George Osborne begins his fightback

Allister Heath
­­­­­AT long last some red meat from the Tories. Their proposal for a partial cancellation of Labour’s national insurance tax hike is a small but important step in the right direction; it is good to see that they now want to pursue a dual strategy of deficit reduction combined with selected supply-side tax cuts. The idea is to combine austerity and pro-growth measures, which makes a lot of sense.

Partly as a result of his new proposal, George Osborne’s performance at last night’s clash of the Chancellors debate was strong and better than Alistair Darling’s (though an increasingly demagogic and populist Vince Cable went down depressingly well, being rewarded with cheers when he described higher-earners and City workers as pin-striped Arthur Scargills, after the 1980s trade unionist who almost destroyed the UK).

Predictably, the debate’s low point was the one-sided and undifferentiated attack on the financial services industry by all three candidates, including the false claim that Barclays was bailed out by the taxpayer and other factually incorrect statements. All three parties are continuing to propagate envy and hatred towards all those who work in finance with an ultra-simplistic analysis of the causes of the crisis; they also fail to differentiate between those who acted prudently – and those who didn’t, who do deserve to be vilified.

But the Tory shift on tax was most welcome. Labour will hike national insurance by 1 per cent in April 2011 on both employees and employers. Regrettably, Osborne agrees – but he wants to raise the level of earnings at which they start paying national insurance. Compared with Labour, the Tory reform would mean lower employee contributions for those with earnings between £7,100 and £45,500, with those earning £8,200-£44,000 gaining about £150 a year. Those on above £45,500 will lose out in the same way regardless of who wins. The Institute for Fiscal Studies calculates that the Tory plans would reduce revenues by £5.6bn a year in the short-term, eliminating much of Labour’s £6.3bn hike (the £700m remaining tax hike will hit those on above £45,500). In the longer-term, as the positive effect on job creation kicks in, the value of the Tory tax cut would fall to £4.3bn. The cuts would be paid for by finding £6bn of waste, which ought to be easily doable (much more can be chopped without affecting proper frontline services). Most spending cuts should go towards plugging the deficit but the Tories are right to allocate some towards reversing tax hikes and to help grow the UK out of crisis.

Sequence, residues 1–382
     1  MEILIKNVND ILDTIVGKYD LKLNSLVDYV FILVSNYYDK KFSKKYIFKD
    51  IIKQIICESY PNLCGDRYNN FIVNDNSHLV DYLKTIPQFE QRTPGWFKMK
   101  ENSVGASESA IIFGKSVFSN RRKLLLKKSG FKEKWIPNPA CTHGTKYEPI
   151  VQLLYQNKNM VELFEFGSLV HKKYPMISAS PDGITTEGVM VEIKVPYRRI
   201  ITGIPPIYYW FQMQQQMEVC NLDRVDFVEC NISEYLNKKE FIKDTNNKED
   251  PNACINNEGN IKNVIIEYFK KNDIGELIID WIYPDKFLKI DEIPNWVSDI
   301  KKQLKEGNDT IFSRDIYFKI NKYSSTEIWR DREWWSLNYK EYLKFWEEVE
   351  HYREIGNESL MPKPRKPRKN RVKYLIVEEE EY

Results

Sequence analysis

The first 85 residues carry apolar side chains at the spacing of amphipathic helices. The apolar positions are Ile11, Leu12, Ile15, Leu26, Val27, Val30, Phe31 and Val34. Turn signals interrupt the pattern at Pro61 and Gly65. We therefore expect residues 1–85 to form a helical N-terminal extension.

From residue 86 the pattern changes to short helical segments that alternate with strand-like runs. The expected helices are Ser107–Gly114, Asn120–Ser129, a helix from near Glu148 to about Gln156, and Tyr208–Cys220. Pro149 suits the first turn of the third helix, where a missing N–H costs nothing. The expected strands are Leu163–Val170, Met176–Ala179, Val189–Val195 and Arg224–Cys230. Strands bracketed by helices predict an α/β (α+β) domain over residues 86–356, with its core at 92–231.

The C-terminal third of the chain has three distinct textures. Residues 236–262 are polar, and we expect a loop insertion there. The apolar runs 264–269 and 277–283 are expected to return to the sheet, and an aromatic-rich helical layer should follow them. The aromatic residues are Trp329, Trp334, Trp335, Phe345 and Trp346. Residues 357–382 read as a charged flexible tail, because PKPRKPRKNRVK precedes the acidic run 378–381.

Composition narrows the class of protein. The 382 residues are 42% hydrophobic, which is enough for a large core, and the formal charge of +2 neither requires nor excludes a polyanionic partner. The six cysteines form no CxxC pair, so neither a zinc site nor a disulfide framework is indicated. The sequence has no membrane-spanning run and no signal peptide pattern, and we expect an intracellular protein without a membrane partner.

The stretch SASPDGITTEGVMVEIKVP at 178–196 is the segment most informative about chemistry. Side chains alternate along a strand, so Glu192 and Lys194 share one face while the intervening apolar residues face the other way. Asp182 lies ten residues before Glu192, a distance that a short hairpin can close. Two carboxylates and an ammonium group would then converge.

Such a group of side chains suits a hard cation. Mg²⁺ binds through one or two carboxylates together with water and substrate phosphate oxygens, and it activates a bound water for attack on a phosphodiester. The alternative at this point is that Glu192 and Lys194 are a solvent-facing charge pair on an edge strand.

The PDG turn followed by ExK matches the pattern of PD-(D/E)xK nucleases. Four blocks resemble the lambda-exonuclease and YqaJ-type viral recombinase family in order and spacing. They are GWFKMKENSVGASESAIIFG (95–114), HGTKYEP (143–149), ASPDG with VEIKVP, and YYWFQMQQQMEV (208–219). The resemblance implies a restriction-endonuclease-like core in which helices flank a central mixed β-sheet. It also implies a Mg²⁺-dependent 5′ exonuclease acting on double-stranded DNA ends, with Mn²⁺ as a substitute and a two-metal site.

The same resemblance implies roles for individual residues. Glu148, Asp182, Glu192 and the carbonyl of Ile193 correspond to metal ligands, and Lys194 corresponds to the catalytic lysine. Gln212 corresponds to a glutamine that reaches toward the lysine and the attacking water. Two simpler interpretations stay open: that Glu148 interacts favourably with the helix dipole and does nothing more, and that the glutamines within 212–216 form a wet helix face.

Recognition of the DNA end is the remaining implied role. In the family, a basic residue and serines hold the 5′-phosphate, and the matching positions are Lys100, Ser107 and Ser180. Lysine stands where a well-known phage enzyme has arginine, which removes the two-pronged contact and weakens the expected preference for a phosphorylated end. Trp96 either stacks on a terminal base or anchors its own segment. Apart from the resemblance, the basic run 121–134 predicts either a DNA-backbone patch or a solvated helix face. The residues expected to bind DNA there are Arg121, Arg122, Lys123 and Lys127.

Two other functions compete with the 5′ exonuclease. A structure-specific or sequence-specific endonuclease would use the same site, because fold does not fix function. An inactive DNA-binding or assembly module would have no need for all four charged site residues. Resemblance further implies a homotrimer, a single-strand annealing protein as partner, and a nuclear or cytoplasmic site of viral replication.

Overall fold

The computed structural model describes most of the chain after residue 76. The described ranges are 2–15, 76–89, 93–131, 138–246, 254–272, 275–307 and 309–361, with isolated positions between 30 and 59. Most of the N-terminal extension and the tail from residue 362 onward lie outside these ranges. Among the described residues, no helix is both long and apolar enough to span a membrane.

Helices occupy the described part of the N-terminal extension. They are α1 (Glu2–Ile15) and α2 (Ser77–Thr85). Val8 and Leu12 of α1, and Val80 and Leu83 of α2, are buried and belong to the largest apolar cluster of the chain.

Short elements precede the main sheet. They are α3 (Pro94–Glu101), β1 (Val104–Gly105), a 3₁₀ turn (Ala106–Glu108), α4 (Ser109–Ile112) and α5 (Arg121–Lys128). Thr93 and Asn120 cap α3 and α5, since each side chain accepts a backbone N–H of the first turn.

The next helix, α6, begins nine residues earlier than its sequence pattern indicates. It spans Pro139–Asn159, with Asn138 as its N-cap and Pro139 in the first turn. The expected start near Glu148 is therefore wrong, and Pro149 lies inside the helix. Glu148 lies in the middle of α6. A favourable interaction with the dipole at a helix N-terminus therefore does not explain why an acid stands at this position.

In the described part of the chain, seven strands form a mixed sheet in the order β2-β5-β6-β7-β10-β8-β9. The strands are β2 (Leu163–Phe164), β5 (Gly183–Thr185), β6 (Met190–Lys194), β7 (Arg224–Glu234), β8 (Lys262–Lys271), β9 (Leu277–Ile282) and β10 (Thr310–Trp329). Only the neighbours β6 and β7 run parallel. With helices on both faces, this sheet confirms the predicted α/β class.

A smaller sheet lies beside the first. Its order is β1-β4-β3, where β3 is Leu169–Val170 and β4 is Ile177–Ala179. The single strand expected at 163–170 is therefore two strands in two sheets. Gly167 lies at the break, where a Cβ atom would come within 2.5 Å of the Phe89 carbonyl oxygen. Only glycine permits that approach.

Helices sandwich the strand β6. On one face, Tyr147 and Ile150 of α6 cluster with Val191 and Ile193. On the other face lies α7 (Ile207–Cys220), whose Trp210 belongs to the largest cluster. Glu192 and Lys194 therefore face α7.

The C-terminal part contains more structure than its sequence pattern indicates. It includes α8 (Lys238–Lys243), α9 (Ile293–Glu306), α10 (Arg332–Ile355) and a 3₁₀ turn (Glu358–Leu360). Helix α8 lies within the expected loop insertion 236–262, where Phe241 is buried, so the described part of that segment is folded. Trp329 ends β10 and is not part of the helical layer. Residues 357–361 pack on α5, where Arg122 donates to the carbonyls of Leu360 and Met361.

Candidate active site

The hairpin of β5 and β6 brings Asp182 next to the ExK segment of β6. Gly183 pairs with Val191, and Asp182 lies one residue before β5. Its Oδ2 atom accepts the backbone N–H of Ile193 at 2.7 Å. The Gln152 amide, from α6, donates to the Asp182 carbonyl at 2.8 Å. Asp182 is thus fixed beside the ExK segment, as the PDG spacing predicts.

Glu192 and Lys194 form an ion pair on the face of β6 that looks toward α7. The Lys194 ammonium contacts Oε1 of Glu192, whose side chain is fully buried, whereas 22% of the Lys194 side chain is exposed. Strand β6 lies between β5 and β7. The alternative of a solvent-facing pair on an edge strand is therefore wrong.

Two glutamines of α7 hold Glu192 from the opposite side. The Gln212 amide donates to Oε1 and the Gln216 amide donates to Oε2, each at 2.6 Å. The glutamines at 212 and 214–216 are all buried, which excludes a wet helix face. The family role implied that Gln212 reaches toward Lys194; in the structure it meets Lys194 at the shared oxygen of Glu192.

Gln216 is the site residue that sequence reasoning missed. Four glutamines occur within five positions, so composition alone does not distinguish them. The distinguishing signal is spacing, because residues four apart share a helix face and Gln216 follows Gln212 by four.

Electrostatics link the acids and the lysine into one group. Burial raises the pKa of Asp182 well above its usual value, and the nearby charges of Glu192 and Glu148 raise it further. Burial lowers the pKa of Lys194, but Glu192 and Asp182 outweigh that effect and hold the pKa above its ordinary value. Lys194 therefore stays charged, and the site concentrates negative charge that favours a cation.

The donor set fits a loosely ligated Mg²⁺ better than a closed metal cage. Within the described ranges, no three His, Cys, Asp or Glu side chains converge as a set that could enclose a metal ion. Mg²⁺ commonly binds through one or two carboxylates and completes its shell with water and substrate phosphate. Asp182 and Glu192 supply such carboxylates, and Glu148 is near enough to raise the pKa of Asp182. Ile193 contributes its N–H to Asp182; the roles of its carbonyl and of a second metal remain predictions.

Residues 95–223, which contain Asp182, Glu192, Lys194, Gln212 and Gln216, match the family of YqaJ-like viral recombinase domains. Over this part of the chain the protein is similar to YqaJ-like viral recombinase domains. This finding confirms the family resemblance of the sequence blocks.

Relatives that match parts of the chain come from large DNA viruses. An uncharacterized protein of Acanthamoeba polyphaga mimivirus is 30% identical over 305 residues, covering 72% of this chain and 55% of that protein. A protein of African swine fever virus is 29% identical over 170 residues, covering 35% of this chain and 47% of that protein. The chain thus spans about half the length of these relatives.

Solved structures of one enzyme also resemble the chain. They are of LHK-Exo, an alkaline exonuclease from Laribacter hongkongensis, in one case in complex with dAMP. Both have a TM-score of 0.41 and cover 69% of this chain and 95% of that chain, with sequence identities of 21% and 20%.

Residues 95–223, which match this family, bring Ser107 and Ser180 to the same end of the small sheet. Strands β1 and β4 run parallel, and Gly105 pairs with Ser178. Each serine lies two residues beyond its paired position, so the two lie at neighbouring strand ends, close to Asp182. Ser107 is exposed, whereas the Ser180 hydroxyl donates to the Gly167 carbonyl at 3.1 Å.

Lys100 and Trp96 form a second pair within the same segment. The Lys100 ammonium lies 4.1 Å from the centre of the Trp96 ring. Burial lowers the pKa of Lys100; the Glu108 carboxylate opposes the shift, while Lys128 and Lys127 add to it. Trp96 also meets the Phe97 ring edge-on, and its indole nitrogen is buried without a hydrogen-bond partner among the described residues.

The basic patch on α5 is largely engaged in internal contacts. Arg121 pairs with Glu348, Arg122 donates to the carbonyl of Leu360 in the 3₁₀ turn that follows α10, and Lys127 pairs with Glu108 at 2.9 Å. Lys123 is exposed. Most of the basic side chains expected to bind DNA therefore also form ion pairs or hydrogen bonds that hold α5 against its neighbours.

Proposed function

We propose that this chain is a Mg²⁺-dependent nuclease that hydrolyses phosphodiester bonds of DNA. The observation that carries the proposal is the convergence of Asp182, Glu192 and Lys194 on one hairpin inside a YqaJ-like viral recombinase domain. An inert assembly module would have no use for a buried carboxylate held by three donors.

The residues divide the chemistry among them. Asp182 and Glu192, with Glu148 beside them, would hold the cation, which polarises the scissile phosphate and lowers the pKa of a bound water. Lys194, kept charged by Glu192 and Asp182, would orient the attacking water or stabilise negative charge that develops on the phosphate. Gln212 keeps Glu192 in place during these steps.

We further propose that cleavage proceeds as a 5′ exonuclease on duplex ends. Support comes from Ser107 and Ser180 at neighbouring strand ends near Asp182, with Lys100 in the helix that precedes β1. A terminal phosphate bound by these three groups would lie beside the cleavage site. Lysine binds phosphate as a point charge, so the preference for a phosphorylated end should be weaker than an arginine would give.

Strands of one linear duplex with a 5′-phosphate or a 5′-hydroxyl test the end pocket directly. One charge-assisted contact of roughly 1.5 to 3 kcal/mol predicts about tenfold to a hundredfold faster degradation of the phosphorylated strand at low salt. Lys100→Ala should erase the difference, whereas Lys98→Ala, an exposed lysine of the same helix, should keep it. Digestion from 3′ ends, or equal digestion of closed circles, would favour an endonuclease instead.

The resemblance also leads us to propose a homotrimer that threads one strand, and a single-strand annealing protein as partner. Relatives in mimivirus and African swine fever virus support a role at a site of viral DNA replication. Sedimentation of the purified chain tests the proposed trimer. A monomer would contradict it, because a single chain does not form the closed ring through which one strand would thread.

Is this is a perfect policy? Of course not. The national insurance hike should have been eliminated completely, including for the better off. If one can save £6bn, one can also save £6.3bn or £7bn. The Tory plans still tolerate a massive tax on jobs: a combined income tax and national insurance rate (including employers’ contributions) that starts at 30 per cent on the first £1,800 after the tax-free allowance, goes to 40 per cent below the higher rate threshold, jumps to 58 per cent for a while, before falling to 49 per cent and then up again to 51.5 per cent (and over some income bands between £100,000-£108,000 to well over 60 per cent). It is good to raise thresholds to take the poor out of tax, as the Tories are doing; but rates must also be cut to boost incentives. But the Tory plan is undoubtedly helpful. We need more from where that one came from.